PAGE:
On August 13, 2018, co-defendant Dunlap filed a motion to dismiss counts six, seven, eight, nine, and ten pursuant to 18 U.S.C. § 3282, for violating the statute of limitations and preindictment delay. Docket No. 1001. The United States responded to the motion; however, no reply was filed. Docket No. 1180. Defendant and co-defendant Davisson moved to join the motion to dismiss. Docket Nos. 1025, 1111. On December 11, 2018, United States Magistrate Judge C.W. Hoffman issued an order and report and recommendation. Docket No. 1386. Judge Hoffman granted the motions for joinder, engaged in a thorough analysis of the motion to dismiss for violation of the statute of limitations, and recommended that the motion to dismiss be denied. See id. No objections to Judge Hoffman's report and recommendation were filed. See Docket. Therefore, on December 28, 2018, United States District Judge Gloria M. Navarro accepted and adopted Judge Hoffman's report and recommendation in full and denied the motion to dismiss. Docket No. 1425.

         II. ANALYSIS

         A. Violation of Statute of Limitations and Preindictment Delay

         Despite the fact that the Court has already ruled on this exact issue in this exact case with these exact parties, not one party has acknowledged that the Court already rejected this argument. “A party who repeats an argument already rejected by the Court has a duty to acknowledge the Court's prior order and explain why it should not control.” Atlantis Enterprises, Inc. v. Avon Products, Inc., 2010 WL 11519593, *3 (C.D.Ca. 2010). See also U.S. Commodity Futures Trading Com 'n v. Lake Shore Asset Mgmt. Ltd., 540 F.Supp.2d 994, 1015 (N.D.Ill. 2008 (attorneys “play with fire if they raise the same arguments over and over and fail to acknowledge prior adverse rulings”). The Court is troubled by the parties' lack of candor in the briefing on this issue. Nonetheless, the Court construes this portion of the motion as a motion for reconsideration.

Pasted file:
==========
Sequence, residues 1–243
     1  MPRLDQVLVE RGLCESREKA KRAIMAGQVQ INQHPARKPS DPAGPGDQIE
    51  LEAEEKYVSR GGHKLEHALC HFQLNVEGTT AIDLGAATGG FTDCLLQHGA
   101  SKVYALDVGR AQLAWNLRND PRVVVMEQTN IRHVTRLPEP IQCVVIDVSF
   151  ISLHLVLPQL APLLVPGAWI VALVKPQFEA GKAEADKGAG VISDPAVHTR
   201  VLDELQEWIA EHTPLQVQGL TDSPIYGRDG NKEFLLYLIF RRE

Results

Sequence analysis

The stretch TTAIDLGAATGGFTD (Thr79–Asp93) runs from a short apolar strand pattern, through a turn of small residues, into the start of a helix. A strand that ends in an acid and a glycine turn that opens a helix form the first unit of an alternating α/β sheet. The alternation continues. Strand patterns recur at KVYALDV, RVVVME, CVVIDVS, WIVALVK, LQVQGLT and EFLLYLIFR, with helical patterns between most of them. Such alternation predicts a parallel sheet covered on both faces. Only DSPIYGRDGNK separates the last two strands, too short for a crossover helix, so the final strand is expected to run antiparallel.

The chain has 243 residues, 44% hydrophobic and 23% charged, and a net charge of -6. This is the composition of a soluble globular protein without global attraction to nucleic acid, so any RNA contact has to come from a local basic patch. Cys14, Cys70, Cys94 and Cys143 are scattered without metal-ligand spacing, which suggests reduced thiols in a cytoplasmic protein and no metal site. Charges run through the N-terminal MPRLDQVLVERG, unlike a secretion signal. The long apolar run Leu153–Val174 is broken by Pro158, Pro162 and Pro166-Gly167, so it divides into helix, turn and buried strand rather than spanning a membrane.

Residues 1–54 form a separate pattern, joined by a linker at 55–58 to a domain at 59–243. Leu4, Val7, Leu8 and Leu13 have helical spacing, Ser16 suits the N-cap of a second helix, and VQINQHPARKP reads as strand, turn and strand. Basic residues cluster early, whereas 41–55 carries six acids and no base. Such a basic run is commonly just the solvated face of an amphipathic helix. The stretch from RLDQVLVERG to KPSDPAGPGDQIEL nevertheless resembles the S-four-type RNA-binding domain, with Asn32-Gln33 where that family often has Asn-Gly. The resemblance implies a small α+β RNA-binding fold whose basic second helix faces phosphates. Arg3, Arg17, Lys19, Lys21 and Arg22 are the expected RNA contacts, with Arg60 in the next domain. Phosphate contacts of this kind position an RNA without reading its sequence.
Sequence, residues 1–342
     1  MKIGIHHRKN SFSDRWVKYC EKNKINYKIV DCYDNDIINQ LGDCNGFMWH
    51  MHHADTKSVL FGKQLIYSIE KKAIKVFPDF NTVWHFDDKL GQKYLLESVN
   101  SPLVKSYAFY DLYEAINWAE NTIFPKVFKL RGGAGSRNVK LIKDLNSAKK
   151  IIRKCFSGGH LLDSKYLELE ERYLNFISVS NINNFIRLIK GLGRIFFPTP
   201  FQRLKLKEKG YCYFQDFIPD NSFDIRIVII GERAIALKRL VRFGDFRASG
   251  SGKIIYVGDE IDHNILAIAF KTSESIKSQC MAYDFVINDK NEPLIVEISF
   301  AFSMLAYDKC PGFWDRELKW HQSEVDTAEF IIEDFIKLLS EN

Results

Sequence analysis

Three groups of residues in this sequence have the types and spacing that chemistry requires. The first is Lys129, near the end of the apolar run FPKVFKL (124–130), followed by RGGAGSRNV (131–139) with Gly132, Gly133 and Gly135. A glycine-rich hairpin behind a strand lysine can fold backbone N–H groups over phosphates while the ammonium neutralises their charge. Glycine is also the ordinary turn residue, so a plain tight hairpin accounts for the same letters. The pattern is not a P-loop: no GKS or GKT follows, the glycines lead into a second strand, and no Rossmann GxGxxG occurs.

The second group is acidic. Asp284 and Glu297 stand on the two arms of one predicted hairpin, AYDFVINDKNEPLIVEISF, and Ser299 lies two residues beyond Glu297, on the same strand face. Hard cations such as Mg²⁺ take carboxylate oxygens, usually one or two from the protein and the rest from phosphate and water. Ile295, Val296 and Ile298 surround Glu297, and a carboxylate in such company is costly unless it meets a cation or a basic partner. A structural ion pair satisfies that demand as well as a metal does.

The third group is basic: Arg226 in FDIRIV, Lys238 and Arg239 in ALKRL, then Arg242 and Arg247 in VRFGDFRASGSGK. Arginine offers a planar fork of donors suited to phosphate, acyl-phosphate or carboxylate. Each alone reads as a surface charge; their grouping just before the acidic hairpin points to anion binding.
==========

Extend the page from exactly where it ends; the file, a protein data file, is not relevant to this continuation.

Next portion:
While the Federal Rules of Criminal Procedure do not contain a provision specifically allowing motions for reconsideration, numerous circuit courts have held that motions for reconsideration may be filed in criminal cases. See United States v. Martin, 226 F.3d 1042, 1047 n. 7 (9th Cir. 2000) (post-judgment motion for reconsideration may be filed in a criminal case and governed by Fed.R.Civ.P. 59(e)); United States v. Fiorelli, 337 F.3d 282, 286 (3d Cir. 2003) (motion for reconsideration allowed in criminal case and governed by Fed.R.Civ.P. 59(e) or Fed.R.Civ.P. 60(b)); United States v. Clark, 984 F.2d 31, 33-34 (2d Cir. 1993) (motion for reconsideration filed in criminal case within 10 days of subject order is treated under Fed.R.Civ.P. 59(e)). Motions for reconsideration in criminal cases are governed by the rules that govern equivalent motions in civil proceedings. See United States v. Hector, 368 F.Supp.2d 1060, 1062-63 (C.D. Cal. 2005) rev'd on other grounds, 474 F.3d 1150 (9th Cir. 2007); see also United States v. Fiorelli, 337 F.3d 282, 286 (3d Cir. 2003) (motion for reconsideration allowed in criminal case and governed by Fed.R.Civ.P. 59(e) or Fed.R.Civ.P. 60(b)).

         “Reconsideration is an extraordinary remedy, to be used sparingly.” Koninklijke Philips Elecs. N.V. v. KXD Tech., Inc., 245 F.R.D. 470, 472 (D. Nev. 2007) (citation and internal quotations omitted). Motions for reconsideration are disfavored. Local Rule 59-1(b). Reconsideration of an interlocutory order may be appropriate if (1) there is newly discovered evidence that was not available when the original motion or response was filed, (2) the Court committed clear error or the initial decision was manifestly unjust, or (3) there is an intervening change in controlling law. Local Rule 59-1(a). It is well-settled that a motion for reconsideration “may not be used to raise arguments or present evidence for the first time when they could reasonably have been raised earlier in the litigation.” Phillips v. C.R. Bard, Inc.,290 F.R.D. 615, 670 (D. Nev. 2013) (emphasis in original, citation and ...